Joking aside, they have a reputation for producing really good bikes at a sensible price point, because they don't pee a load of money up the wall on marketing like specialized etc. (see also Planet X - Yorkshires equivalent), but not for ebikes at the moment)

It will be ideal for what you want, a bit of assist for the days/ times you want it when a headwind is blowing etc. These 250w motor ebikes are the way forward.
 
OP
Binka

Binka

Über Member
Location
Lincoln, uk
Thanks everyone. I just plod along when I'm commuting, average about 11mph, slower if it's windy. so the 15mph cut off doesn't bother me.
Interesting point about how I could have a heavier bike on a flat route and wouldn't notice it. So do I think I don't need a bigger motor because it's flat so get the lighter bike/smaller motor. Or do I think it doesn't matter if the bike is heavy because it's flat so get the bigger motor bike?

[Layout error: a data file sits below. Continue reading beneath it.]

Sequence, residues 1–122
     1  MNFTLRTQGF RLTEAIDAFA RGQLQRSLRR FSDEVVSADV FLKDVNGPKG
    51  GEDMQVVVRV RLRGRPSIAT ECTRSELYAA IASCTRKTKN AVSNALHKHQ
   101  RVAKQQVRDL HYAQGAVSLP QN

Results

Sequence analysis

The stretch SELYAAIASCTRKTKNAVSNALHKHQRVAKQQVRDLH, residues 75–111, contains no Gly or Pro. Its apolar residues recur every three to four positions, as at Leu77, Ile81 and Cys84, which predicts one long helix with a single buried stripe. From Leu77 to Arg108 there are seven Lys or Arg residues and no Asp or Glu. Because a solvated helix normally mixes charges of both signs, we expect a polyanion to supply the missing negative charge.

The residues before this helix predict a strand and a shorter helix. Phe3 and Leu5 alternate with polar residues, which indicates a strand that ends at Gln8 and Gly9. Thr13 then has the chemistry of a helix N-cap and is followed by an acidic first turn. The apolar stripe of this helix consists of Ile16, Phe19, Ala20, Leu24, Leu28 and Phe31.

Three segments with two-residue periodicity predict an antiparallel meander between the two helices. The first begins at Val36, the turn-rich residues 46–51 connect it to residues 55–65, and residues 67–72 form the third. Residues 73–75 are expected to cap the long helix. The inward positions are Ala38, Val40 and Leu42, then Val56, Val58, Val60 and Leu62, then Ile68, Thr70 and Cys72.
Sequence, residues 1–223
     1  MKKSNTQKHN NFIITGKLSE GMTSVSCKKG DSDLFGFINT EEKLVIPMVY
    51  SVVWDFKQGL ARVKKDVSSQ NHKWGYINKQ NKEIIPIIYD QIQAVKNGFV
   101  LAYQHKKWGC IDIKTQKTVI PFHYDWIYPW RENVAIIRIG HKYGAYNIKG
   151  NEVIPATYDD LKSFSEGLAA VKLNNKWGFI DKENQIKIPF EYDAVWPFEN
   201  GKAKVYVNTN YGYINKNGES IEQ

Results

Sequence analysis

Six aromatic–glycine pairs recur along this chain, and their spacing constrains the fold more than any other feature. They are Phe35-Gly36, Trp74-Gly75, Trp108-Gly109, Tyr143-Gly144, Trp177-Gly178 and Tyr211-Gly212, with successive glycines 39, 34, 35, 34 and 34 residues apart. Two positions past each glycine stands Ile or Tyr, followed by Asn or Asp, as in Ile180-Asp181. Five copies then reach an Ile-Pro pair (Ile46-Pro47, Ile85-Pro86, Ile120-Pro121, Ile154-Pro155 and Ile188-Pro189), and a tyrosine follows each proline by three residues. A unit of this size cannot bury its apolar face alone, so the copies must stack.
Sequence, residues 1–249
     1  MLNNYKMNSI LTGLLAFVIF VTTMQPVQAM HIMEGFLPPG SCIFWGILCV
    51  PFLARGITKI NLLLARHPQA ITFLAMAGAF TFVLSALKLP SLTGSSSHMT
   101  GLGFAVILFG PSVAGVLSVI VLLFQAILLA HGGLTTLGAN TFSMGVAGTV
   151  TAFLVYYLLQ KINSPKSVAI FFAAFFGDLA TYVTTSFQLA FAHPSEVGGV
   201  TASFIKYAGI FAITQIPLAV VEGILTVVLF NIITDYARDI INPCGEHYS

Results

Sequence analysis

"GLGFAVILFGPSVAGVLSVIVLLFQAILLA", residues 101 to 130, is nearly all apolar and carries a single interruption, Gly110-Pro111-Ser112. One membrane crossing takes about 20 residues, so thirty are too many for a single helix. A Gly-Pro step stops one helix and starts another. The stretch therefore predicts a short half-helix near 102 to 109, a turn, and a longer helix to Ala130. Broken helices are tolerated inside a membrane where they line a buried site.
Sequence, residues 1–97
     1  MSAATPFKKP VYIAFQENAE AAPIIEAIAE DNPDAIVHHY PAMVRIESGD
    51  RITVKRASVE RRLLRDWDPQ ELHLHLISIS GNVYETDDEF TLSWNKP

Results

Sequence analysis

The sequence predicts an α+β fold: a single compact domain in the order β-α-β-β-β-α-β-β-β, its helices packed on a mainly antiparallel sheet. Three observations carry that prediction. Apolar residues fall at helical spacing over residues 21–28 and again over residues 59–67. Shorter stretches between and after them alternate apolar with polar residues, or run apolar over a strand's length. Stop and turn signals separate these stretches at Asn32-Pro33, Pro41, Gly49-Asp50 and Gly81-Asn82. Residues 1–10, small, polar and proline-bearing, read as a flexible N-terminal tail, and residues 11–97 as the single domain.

Drago

Flouncing Nobber
Location
Poshshire
You wont regret a smaller motor, because 250W is all you can legally have. Modern motors are all pretty dedent for torque, so unless you're very heavy there is little to choose between them on the road. However you measure it, 250W is 250W regarsless of whether its from Germany, Taiwan or Timbuktu. Thats not really a problem, as 250W ppwers me merrily up steep hills, and I don't give much change from 19 stones. 250W is ample, which is just as well as thats all you can have without licence, insurance, and all the rest of it.

Don't get hung up on torque figures either, as there are lies, damn lies, and ebike motor torque claims. Some manufacturers are claiming as much torque as a small car, which is clearly utter bollards. Unlike motor vehicles, there is no internationally agreed or legal standard for descriving a bicycle motors output, so they can claim as much bull as they like and they can't be called out on it.